Wellness, Culture and Sport

Feature article #4 / Heritage Week 2009 (09/02/12)

NB 150

Feb. 12, 2009

EDITOR'S NOTE: The following is the fourth in a series of five feature articles prepared for Heritage Week, Feb. 9 - 13, 2009. This article was prepared by David Frank. For more information on Heritage Week activities throughout the province, visit the Heritage Week 2009 website.

Founded in Moncton, 1908

The Canadian Brotherhood of Railroad Employees

It's one of the lesser-known facts in Canadian labour history - Moncton, in 1908, was the birthplace of one of Canada's major unions.

In Canadian transportation history, Moncton is often remembered as the headquarters of the Intercolonial Railway, later part of the Canadian National Railway. Completed in 1876, it was the key transportation route from Halifax to Levis, Que., that linked the Maritimes to Central Canada in the years after Confederation. Not so well known is the fact that workers on the Intercolonial Railway were responsible for starting one of the largest and most influential unions in Canadian labour history.

It happened in Moncton on Oct. 11, 1908, when a group of 20 men, 10 of them New Brunswickers from the railway operations at Moncton, Saint John and Campbellton, assembled in an upstairs room on Main Street. Frank Smith, who worked in the Moncton freight sheds, presided at this event, at which those in attendance decided to form the Canadian Brotherhood of Railroad Employees (CBRE). The early members of this union were freighthandlers, roundhouse labourers, station clerks and other workers who were among the most overlooked employees in the railway system. Their wages were as low as 10 to 15 cents an hour, and they worked 10 and 12 hours a day, six days a week.

For such workers, the CBRE was an idea whose time had come, and within a few months the union had more than 1,000 members. In December 1909, more than a year after its founding meeting, the CBRE signed its first agreement with the Intercolonial Railway. The union's record of winning better wages and improved conditions soon attracted workers on other railway lines. By 1918, the CBRE members included more than 10,000 workers in almost 100 locals from Nova Scotia to British Columbia.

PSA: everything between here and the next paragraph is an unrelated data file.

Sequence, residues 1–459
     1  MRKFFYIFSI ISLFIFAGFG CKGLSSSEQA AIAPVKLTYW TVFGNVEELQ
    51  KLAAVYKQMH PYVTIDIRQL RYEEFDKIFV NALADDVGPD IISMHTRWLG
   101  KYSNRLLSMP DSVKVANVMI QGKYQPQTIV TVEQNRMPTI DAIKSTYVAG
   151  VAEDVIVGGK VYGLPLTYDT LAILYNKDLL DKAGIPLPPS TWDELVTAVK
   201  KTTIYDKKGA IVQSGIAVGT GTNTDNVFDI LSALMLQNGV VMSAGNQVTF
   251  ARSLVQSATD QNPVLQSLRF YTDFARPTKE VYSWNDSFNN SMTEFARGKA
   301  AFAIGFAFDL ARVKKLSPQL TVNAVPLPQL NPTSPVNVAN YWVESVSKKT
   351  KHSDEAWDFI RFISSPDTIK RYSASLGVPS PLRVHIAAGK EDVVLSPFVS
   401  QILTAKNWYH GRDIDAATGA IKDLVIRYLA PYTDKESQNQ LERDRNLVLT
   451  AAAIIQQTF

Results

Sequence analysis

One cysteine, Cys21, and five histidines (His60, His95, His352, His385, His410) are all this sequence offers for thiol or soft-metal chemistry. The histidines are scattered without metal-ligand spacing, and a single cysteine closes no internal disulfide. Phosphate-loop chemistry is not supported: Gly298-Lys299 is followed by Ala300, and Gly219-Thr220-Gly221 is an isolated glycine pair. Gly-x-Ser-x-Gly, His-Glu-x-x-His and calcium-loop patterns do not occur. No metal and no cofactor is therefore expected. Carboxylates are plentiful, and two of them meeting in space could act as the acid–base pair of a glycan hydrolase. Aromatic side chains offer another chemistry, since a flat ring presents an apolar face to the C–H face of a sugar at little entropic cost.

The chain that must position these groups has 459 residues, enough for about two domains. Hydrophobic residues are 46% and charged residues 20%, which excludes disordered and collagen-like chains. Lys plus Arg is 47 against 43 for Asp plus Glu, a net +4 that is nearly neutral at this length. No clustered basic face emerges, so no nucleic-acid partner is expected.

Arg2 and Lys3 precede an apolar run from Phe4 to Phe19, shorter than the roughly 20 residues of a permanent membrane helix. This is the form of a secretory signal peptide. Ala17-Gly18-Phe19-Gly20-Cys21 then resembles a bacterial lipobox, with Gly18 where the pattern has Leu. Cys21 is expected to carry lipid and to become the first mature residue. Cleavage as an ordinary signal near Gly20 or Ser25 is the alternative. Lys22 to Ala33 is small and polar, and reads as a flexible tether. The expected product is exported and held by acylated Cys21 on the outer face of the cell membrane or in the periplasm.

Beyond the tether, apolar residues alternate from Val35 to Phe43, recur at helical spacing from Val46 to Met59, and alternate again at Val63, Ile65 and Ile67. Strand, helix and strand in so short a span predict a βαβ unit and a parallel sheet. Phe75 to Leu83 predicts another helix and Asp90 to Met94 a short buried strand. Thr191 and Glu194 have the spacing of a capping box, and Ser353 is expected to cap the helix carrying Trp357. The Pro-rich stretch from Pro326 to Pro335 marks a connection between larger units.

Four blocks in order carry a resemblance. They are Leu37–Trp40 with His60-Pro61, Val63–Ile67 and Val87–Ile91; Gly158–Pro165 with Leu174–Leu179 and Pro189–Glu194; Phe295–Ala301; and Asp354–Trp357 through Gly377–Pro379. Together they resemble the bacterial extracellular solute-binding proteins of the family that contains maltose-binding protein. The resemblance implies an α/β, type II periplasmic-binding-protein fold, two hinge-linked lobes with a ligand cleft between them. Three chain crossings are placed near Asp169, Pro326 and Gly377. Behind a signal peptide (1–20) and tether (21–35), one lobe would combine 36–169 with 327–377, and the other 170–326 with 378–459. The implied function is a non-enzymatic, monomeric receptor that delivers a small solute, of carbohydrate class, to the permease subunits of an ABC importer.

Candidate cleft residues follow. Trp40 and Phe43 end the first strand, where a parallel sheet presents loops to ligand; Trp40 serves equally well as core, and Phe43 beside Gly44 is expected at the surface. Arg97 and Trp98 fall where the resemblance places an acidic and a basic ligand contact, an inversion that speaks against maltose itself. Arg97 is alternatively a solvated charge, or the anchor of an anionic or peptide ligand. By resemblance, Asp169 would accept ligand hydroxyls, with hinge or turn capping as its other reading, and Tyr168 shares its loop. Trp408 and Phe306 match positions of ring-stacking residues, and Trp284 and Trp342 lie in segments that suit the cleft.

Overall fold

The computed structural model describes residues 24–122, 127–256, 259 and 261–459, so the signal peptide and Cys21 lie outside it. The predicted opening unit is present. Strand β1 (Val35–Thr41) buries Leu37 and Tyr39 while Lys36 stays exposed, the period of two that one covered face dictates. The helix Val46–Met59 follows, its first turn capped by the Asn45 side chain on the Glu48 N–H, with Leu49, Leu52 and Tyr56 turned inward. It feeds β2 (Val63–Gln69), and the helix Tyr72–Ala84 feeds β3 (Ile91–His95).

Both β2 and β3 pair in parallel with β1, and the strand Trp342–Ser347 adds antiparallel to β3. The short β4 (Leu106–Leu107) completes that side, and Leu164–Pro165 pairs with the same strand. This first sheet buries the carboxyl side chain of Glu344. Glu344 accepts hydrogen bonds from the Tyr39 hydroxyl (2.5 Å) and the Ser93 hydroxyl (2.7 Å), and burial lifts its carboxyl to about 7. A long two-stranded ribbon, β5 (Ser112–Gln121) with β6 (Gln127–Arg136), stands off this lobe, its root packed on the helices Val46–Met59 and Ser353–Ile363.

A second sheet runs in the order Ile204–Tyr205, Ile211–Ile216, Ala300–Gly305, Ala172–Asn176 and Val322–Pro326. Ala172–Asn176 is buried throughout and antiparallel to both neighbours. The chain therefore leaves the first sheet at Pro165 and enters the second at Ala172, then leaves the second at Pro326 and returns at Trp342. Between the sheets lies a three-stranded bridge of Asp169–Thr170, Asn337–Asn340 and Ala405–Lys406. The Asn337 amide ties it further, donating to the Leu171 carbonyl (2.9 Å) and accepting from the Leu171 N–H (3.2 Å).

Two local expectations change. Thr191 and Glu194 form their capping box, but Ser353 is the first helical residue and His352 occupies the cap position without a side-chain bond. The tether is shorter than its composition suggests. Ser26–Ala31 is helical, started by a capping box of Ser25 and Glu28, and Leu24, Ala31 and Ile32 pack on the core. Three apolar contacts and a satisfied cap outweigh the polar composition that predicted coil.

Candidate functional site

In the 1920s, the CBRE was the third-largest union in Canada and had moved its headquarters to Ottawa. The long-time union president, A. R. Mosher, became one of the most recognized labour leaders in Canada. To this date, he is still the only Canadian labour leader to appear on a postage stamp, issued in 1981 on the 100th anniversary of his birth.

In the course of the 20th century, the CBRE continued to make history. It was one of the first unions in Canada to abolish racial restrictions on membership, opening the door for black sleeping car porters to join. In the 1930s, the CBRE was one of the only unions in Canada to support the Co-operative Commonwealth Federation, forerunner of the New Democratic Party.

The CBRE often advocated the idea of all-Canadian unions in the belief that Canadian unions would be more effective than international unions based in the United States. The CBRE also promoted industrial unionism, the principle that workers in one industry should belong to the same union, regardless of their individual occupation or skill. As transportation technologies changed during the course of the century, the CBRE responded to the needs of workers on steamships and airlines. In 1958, the union changed its official name to the Canadian Brotherhood of Railway, Transport and General Workers. The last stage in the union's evolution took place in 1994, when it merged with one of the biggest industrial unions in the country, the Canadian Auto Workers (CAW). Although railway workers are less numerous today, many of the ideals championed by the old brotherhood have been widely accepted.

Meanwhile, the CBRE is still remembered. When the CAW met for its 2008 convention in Toronto, the proceedings included a tribute to the centenary of one of the most influential labour unions in Canadian history.

For more information on the history of unions and workers in New Brunswick, visit the New Brunswick Labour History Project, www.lhtnb.ca.


MEDIA CONTACT: Danielle McFarlane, communications, Department of Wellness, Culture and Sport, 506-457-6445.